We’ve heard it all before. Year after year as we stand on the precipice of a new year, people come out the woodworks with new things they aspire to accomplish. Generally, New Year resolutions set the tone for a miraculous mindset shift once the clock goes from 11:59 pm one year to 12 midnight into the new year. How on Earth do people expect to be renewed, restored, and recharged to do something different than what they have become accustomed to just because the calendar reads an entirely new year? It just simply does not make any sense. When people set resolutions, they are essentially setting themselves up for failure and disappointment. By definition and according to the Oxford dictionary, a resolution is a firm decision to do or to not do something whereas shifting your mindset is a process by which we replace dysfunctional beliefs with more productive ones that change options we consider. This mindset shift should be connected to our identity, not just our superficial wants that have little to no foundational basis or connectedness to who we truly are or want to be.
This is certainly not to say that you cannot set goals for the new year. This is to say that whatever those goals are, they should be tied to your value system, currently or aspired value system. These are beliefs and principles you feel are important in the ways you want to live your life in all facets. These are also important to consider when sending an unspoken message to others. When people think about you or speak things about you, do those things reflect the essence that is you? Do the qualities others see in you align with values you hope to cultivate in your daily living? It’s one thing to say that you want to be healthier or that you want to lose weight in the new year and it’s another thing for those goals to be rooted in meaning for you personally. Asking yourself what “healthier” means for you is very important as your “healthy” is nine times out of ten not what my “healthy” looks like. Tailoring your goals to your own personal needs and projected lifestyle is important. Becoming healthier does not have to always mean losing weight, it can mean reducing your sugar intake and being physically active at least 15 minutes each day. It can mean going to therapy on a more consistent basis or it can mean identifying triggers and steering clear of them as a better way to emotionally regulate.
What part of my identity are these goals and mind shifts tied to? Consider why you are trying to make a conscious decision to change something about yourself and your lifestyle. Is it important to you or is it something that society says should be important to you? Consider what the goals are rooted in. They should be aligned with your current or “aspired to have” values. In order to make this a bit clearer for you, make a list of your values or the values you aspire to align your life with. Things like peace, family, physical and mental health, and wealth may come up for you. With SMART (specific, measurable, achievable, relevant, and time measured) goals in mind, your aspirations need to be important to you and the direction you want your life to go in on a more consistent basis.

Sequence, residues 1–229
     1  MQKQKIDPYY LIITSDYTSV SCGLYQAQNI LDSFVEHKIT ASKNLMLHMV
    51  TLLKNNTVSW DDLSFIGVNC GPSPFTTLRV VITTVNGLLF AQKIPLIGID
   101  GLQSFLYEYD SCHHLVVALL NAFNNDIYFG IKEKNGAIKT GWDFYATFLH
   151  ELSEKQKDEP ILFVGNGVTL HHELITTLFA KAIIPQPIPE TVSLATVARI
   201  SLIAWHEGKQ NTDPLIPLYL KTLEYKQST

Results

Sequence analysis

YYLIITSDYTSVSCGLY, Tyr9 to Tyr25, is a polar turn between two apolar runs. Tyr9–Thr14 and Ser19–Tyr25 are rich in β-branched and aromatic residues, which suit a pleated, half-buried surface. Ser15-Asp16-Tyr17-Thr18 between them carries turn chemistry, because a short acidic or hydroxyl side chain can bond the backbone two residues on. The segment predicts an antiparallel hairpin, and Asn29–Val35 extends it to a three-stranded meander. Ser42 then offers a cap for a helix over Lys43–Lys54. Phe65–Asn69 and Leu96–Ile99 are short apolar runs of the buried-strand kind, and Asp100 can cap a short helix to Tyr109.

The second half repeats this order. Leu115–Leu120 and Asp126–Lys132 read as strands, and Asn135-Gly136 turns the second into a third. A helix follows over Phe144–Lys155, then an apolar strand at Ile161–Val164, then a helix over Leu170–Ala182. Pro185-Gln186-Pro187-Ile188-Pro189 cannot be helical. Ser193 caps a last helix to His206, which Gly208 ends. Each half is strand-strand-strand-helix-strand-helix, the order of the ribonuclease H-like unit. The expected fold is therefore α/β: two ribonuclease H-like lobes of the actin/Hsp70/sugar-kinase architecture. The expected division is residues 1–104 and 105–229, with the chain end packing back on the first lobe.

I cannot stress this one enough…setting goals around your process and not the outcome is very important. It can be very easy for us to look forward to the “end game” or the result of the goal that it can also become easy for us to overlook the process to achieve that goal. Considering the process by which you use to accomplish goals to become the best version of you possible will lend to your daily routines. What smaller goals do you hope to implement to achieve the greater picture? What seemingly minor alterations are you willing to make to your regular routine that will speak to you inching progressively closer to the desired outcomes? A book that I would highly recommend with this in mind is Atomic Habits by James Clear. The author proposes a wealthy number of options on how we can implement seemingly smaller tasks (hence the title, “atomic habits” I presume) within our daily routines to create growth and mindset shifts to accomplish larger goals. I always say take what you need and leave behind what you don’t. In this instance, when reading the book, there will be some things that resonate with you and other things that may not, but I would almost guarantee that something will stick to help you accomplish your goals.
If you have a general understanding that setting resolutions focus on the end goals, but mindset shifts focus on the process and smaller life structural tasks you implement to achieve those greater goals, then you will better grasp the concept of change and how you can “make it stick”. Go easy on yourself and do not expect an 11:59 to midnight change, but a gradual and intentional shift that will essentially bring you closer and closer to aligning yourself with who you really want to be and who you hope the rest of the world knows you to be. I challenge you this year to not set a new year’s resolution but a mindset and a lifestyle change. Embrace the journey and focus primarily not on the end goal.